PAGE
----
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Last year, Rahaf Khatib broke barriers by becoming the first Muslim woman to wear a headscarf on the cover of an American health or fitness magazine.
Now Khatib is continuing to raise the bar by raising money for Syrian refugees while running the Boston Marathon.
Khatib is one of 14 runners chosen by Hylands, a sponsor for the Boston Marathon, to run as part of their all-women team during the 2017 race. She is using her time in the spotlight to raise funds for the Syrian American Rescue Network, a non-profit that helps Syrian refugees who have settled in Khatib’s home state of Michigan become self-sufficient.
So far, Khatib has raised nearly $ 10,000 for the charity.
“I truly believe as a stay-at-home mom and Muslim, that this [opportunity to run the Boston Marathon] was sent to me as an obligation to help,” Khatib told The Huffington Post in an email. “I want to make an impact on the Ummah [the worldwide Muslim community], no matter how small, it’s my way of giving back to society and humanity.”
The cause is a personal one for this runner. Khatib comes from a family of Syrian immigrants. She was born in Damascus, Syria, and applied to become an American citizen later on in her life.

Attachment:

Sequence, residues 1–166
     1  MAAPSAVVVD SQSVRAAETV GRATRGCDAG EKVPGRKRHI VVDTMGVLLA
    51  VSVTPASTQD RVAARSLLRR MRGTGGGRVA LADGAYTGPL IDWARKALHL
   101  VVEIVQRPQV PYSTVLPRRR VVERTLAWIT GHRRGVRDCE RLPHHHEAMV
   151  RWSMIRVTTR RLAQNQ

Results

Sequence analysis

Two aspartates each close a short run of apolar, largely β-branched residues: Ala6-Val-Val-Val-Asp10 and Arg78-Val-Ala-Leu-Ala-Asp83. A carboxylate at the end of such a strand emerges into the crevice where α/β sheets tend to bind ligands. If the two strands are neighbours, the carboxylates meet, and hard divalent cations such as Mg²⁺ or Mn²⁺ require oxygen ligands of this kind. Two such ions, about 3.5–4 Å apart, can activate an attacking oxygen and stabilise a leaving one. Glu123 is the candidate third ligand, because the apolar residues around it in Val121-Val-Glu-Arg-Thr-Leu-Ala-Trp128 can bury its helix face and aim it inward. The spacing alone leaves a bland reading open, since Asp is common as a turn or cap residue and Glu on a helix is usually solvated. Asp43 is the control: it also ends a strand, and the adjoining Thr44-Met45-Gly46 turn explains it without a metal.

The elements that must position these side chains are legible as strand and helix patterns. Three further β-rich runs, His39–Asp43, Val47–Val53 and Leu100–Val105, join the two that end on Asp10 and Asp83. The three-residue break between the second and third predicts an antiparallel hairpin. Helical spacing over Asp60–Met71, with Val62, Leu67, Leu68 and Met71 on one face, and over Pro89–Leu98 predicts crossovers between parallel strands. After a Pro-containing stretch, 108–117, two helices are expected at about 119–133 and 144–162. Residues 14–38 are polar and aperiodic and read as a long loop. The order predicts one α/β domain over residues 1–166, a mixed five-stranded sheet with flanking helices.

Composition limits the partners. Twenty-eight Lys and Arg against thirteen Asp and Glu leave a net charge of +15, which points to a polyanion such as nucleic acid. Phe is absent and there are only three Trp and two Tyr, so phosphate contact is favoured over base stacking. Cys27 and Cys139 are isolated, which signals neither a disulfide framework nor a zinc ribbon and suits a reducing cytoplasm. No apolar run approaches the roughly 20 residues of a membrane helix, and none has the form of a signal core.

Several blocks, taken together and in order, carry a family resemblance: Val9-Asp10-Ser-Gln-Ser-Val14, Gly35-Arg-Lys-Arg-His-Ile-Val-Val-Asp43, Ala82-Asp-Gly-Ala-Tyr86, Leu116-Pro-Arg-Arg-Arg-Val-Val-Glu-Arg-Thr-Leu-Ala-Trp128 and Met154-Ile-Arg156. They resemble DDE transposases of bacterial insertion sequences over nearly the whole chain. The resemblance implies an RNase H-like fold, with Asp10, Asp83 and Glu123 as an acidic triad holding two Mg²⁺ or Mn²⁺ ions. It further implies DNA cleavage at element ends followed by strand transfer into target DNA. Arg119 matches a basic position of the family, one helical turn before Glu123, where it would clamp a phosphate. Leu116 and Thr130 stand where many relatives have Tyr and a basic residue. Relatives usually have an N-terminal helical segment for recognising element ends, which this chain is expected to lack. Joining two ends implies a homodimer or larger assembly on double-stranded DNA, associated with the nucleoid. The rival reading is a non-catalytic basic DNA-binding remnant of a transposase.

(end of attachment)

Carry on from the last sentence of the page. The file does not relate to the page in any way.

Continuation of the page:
President Donald Trump’s executive order on immigration indefinitely banned refugees from Syria from entering the United States. The order, which some critics have called a “Muslim ban,” is facing numerous legal challenges. Trump is expected to issue a revised version of the order this week.
Khatib told Shape magazine that the plight of Syrian refugees is dear to her heart.
“My dad came here 35 years ago and my mom came after with me as a baby,” she told Shape. “I was raised in Michigan, went to college here, elementary school, everything. What’s happening now could have happened to me in 1983 when I was on a plane coming to the U.S.”
Khatib started running about five years ago, after the stay-at-home mother of three realized that her local gym offered daycare. Within the past two years, she’s run six marathons, 14 half marathons, and two sprint triathalons.
Her goal now is to compete in six major world marathons. She’s already completed the Berlin and Chicago marathons.
She started the Instagram account @RunLikeAHijabi to inspire other Muslim women to get active. Khatib told The Huffington Post that she believes that taking care of your health and fitness is an essential part of Islam.
“The Quran reminds us that our bodies are an ‘amanah’ or deep trust from [God],” Khatib wrote. “So we have a duty to take care of our health.”
H/T: Muslim Girl
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